That’s great, but wouldn’t it be amazing here inside the Citrix world that I could make my own groups? The question is, how do you distinguish between inside the Citrix world and outside the Citrix world? In fact, let me go ahead and “Disconnect” here. We actually “Sign out” here.

Let’s think about this one more time. This is my real desktop here. Then inside is my RDP desktop. Here’s what I’m going to do to correct for that. Let me rename this first collection. That might actually make it smarter. I’ll “Edit Collection” and I’ll call this “Stuff for REAL desktops.” Then I’ll create another collection called “Stuff for inside RDP desktops.” Does that make sense? I want to make this maybe “FULL (REPLACE).” I’ll nuke whatever is out there and I’ll put just the things I want to in this particular case.

But the question is, how do I make the distinction between “Stuff for REAL desktops” and “Stuff for inside RDP desktops”? That’s where item-level targeting comes in. Let’s do the “Stuff for inside RDP desktops” first.

We’ll go ahead and “Change Item Level Targeting” here. We will say only do the “Stuff for inside RDP desktops” when it’s a “Terminal Session.” So the RDP session type is “Any.” Great, so we light this up as orange here.

Let’s go ahead and create some icons. We’ll “Add” a “New Group.” We’ll call this “inside Apps.” Let’s do something a little bit different. We’ll go ahead and do Chrome and maybe Firefox this time. We’ll “Add” a “New Desktop Application Tile” here, “Registered application.”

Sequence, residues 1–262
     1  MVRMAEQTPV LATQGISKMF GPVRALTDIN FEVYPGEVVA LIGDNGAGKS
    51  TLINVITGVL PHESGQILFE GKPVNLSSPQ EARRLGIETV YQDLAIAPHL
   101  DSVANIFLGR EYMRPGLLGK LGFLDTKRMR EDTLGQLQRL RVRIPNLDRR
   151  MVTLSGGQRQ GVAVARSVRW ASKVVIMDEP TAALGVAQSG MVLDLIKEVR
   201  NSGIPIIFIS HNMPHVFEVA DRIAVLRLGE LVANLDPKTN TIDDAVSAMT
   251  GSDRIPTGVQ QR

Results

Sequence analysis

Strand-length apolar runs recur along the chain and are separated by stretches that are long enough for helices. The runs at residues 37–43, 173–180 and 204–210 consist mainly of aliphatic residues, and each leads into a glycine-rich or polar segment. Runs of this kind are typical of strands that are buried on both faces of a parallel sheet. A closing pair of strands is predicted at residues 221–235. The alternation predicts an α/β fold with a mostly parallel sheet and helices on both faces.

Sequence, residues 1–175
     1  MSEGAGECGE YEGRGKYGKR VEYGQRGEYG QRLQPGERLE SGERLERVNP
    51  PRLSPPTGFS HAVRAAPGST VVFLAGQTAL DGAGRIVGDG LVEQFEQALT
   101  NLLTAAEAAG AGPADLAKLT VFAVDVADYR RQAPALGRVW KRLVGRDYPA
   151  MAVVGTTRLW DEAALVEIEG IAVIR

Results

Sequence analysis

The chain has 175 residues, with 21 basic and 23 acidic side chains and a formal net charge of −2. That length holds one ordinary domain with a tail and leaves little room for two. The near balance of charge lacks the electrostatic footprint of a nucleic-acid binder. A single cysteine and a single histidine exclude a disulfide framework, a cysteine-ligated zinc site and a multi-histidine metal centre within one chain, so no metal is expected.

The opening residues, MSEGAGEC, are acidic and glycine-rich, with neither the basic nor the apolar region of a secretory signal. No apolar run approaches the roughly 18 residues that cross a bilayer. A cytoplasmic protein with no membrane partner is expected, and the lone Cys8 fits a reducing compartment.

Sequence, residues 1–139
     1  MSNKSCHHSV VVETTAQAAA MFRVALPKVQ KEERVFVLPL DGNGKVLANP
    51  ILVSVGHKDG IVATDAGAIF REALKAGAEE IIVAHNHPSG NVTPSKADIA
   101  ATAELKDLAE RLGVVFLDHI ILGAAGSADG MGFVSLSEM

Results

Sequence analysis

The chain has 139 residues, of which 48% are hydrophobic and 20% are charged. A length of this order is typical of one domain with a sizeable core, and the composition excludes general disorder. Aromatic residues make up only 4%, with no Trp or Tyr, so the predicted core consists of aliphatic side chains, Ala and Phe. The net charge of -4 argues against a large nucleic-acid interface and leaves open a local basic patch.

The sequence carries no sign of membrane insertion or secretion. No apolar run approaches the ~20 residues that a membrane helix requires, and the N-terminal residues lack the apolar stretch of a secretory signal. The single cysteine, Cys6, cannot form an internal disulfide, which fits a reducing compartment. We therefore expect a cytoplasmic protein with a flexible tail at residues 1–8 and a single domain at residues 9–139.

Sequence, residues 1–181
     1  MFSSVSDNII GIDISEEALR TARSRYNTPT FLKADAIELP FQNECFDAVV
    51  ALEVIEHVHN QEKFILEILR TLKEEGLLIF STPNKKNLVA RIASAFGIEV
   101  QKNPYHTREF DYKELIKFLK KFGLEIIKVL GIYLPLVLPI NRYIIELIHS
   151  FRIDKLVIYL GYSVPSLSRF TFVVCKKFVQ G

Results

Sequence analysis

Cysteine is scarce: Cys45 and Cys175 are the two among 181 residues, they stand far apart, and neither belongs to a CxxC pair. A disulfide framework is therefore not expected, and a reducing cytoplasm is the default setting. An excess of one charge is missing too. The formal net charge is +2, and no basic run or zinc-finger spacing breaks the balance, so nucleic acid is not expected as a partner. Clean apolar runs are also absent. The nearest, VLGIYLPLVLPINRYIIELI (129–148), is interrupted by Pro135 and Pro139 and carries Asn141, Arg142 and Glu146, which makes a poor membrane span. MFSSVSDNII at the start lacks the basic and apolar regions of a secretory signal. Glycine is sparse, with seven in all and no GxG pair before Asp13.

We’ll pick “Google Chrome,” go ahead and pick “Medium.” We’ll call this “Chrome.” Again, these are the icons that we’re going to see inside the remote desktop. Now we’ll go ahead and do another one here for “Mozilla Firefox.” We’ll call this “Firefox.”

Great, but we still haven’t made the distinction for how to describe “REAL desktops” versus “RDP desktops.” Well, we did for RDP but not for real desktops. You know what a real desktop is? Anything that’s not an RDP session.

We’ll “Change Item Level Targeting” on the “Stuff for REAL desktops” by making a new check to see is it a “Terminal Session.” We don’t want it to be to be yes. We want it to be whenever it “Is Not” a Terminal Session. See what I’m doing there?

So I have “Stuff for REAL desktops.” Only when it’s real desktops is it going to evaluate this and do these icons. Then I have “Stuff for inside RDP desktops.” It’s only going to evaluate that when it’s an RDP desktop.

Let’s see it all work. If I go back over here, just to prove a point, if I run GP Update (“gpupdate”) here, this is my real machine. My real machine shouldn’t change at all. It should maintain these three icons just the way we said. Nothing changes. Everything is great.